The opposition and the Central government are expected to have a showdown on a host of issues during the monsoon session of Parliament that starts on Monday. The 18-day-long session, which begins on July 19, is expected to see the opposition parties try and corner the Modi regime for its alleged apathy to the distress caused to the common man by COVID-19 and economic issues. The attempt of the opposition bloc would be to project the government as apathetic to the pain of the people.
The main opposition party, the Congress, had earlier this week held a meeting of its parliamentary strategy group, in which it was decided that the party would seek a full discussion on the issues of fuel price hike and inflation. Among the issues shortlisted by the party to be taken up on the floor of the house are COVID-19 mismanagement, shortage of vaccines, joblessness, allegations of corruption in Rafale deal, and border issues.
The continuing farmers' protest against the three contentious farm laws is also expected to be raised by the Congress and other opposition parties. The parties would want to be seen as echoing the protests outside, with farmers' bodies having decided to hold agitations in front of Parliament during the monsoon session.
Also among the issues expected to be taken up by the opposition parties are the questions with regard to the creation of the Ministry of Cooperation, the Supreme Court's nudge to the government to repeal the controversial sedition law, and the unrest in Lakshadweep in the wake of the administrator's contentious decisions.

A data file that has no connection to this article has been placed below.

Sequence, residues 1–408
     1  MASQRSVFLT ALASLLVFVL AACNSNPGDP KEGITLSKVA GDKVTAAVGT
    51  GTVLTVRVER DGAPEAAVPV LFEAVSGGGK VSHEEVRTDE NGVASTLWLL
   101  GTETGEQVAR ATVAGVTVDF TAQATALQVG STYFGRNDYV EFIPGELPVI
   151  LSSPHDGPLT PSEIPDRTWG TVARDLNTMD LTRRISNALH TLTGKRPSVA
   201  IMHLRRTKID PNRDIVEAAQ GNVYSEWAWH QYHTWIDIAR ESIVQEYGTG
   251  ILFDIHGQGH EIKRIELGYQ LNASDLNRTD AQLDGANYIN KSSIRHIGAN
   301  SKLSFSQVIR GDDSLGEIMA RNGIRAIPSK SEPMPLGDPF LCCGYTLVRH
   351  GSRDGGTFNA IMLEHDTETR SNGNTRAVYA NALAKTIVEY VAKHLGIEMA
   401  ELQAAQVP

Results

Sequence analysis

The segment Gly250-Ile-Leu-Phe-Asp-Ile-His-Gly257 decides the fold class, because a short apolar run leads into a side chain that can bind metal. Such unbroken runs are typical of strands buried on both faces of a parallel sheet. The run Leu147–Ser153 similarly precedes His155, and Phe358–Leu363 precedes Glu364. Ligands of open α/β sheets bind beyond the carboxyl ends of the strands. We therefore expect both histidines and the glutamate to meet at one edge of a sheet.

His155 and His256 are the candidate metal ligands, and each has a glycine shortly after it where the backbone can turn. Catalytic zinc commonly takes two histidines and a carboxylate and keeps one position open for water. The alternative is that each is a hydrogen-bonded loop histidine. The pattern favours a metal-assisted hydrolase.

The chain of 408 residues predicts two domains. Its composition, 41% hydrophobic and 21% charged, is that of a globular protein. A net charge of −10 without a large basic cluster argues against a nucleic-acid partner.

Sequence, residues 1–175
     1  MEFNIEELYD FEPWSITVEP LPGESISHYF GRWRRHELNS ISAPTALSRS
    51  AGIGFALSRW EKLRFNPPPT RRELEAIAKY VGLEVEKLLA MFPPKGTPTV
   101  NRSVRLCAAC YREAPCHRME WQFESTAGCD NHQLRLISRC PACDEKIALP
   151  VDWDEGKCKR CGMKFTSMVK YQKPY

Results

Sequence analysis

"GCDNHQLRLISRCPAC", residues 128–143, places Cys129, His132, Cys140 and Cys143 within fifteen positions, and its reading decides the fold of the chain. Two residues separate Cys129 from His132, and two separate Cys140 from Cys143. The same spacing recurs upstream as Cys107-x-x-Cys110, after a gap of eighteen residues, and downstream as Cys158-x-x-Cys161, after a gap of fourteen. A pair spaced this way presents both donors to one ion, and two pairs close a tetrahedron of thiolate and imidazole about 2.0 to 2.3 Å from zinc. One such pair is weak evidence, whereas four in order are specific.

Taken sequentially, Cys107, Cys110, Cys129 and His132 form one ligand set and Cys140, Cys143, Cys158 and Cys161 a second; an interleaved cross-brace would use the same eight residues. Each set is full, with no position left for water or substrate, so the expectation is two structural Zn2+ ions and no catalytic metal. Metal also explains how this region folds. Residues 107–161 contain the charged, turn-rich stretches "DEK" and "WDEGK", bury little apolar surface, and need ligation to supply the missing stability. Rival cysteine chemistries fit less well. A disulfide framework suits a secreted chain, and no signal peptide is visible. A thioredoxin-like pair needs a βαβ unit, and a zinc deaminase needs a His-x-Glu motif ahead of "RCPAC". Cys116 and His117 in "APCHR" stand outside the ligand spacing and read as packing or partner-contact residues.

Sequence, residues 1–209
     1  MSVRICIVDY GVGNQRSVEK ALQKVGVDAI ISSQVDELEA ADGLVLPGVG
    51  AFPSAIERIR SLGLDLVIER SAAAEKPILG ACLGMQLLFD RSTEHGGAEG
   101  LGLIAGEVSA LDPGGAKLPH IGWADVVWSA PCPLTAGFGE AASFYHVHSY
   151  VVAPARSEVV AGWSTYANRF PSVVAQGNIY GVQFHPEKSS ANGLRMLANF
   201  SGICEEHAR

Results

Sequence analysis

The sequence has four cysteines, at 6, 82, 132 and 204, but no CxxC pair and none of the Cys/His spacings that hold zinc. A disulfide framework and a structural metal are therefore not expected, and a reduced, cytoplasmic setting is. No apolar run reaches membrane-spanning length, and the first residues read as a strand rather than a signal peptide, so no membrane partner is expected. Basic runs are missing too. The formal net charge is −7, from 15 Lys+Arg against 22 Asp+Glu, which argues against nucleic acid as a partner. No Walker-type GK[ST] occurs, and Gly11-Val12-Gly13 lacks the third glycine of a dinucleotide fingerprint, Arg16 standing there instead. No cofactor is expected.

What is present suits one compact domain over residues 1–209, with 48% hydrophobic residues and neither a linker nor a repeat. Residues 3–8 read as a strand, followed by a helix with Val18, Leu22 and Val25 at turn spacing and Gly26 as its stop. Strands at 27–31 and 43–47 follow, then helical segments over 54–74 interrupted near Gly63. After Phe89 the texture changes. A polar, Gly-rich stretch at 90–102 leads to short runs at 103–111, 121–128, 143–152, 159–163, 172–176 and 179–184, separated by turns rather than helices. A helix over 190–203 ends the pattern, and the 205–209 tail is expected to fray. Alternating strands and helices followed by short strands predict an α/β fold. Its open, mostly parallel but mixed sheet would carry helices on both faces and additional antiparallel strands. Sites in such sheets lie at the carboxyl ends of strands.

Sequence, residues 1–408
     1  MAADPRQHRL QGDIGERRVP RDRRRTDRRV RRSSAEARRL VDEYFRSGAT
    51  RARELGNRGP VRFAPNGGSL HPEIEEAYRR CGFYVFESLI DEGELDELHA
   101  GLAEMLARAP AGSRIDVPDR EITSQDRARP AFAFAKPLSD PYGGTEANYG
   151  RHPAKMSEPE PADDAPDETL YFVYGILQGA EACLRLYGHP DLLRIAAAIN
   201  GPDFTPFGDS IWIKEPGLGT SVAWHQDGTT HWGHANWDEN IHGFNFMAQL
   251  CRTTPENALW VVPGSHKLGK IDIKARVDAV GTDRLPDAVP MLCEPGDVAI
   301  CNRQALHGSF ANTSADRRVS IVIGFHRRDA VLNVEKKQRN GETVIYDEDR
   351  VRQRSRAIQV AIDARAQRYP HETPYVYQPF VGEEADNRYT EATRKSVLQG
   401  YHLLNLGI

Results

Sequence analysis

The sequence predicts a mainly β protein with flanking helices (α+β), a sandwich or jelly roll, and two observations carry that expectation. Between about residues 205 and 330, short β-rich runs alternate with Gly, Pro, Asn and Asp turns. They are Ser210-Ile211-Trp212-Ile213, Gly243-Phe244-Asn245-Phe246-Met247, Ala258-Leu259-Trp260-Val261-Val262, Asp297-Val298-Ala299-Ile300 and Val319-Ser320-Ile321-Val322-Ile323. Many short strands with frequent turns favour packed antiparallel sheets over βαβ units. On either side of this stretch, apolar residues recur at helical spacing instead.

Congress President Sonia Gandhi has deputed Leader of Opposition in the Rajya Sabha Mallikarjun Kharge to engage with other opposition parties and ensure a coordinated attack on the Modi government. However, the upcoming session could expose the differences in the opposition bloc, with the Trinamool Congress, buoyant after the assembly election victory, looking to take the initiative in bringing together parties opposed to the BJP, a move threatening to sideline the Congress.
The Akali Dal, too, has been trying to gather opposition support for its anti-farm laws stance, and the endeavour, for obvious political reasons, is exclusive of the Congress.